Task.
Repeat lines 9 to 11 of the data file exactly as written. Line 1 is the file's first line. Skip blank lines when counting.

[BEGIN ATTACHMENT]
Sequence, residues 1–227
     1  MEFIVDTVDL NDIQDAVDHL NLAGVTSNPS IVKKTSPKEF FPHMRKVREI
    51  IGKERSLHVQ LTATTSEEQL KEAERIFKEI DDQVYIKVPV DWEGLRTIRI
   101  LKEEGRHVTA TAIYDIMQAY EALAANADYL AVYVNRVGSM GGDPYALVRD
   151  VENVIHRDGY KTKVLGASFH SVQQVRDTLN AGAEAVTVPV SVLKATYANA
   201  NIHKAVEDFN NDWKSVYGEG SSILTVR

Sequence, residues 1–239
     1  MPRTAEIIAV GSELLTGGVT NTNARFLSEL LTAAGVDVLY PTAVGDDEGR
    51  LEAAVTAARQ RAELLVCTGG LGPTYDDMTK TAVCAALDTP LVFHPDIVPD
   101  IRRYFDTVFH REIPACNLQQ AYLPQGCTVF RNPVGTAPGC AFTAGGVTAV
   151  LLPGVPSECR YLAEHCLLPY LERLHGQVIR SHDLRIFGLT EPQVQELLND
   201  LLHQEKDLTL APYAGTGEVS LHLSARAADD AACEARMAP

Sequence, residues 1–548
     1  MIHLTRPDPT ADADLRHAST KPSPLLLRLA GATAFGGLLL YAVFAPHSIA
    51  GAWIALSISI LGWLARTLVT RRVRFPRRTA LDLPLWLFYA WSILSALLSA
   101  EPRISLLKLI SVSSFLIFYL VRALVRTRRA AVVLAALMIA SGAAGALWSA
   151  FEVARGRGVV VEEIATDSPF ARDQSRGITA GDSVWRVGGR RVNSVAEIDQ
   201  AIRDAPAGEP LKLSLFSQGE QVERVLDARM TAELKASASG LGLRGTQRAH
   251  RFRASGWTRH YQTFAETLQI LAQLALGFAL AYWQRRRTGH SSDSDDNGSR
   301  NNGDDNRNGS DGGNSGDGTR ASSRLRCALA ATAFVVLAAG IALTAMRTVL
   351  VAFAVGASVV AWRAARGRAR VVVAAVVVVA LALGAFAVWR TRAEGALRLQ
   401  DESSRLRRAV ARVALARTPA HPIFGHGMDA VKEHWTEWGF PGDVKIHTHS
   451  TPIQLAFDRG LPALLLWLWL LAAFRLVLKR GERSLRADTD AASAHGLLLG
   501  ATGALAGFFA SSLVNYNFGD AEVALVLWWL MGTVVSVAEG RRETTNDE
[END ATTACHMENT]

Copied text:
    51  LEAAVTAARQ RAELLVCTGG LGPTYDDMTK TAVCAALDTP LVFHPDIVPD
   101  IRRYFDTVFH REIPACNLQQ AYLPQGCTVF RNPVGTAPGC AFTAGGVTAV
   151  LLPGVPSECR YLAEHCLLPY LERLHGQVIR SHDLRIFGLT EPQVQELLND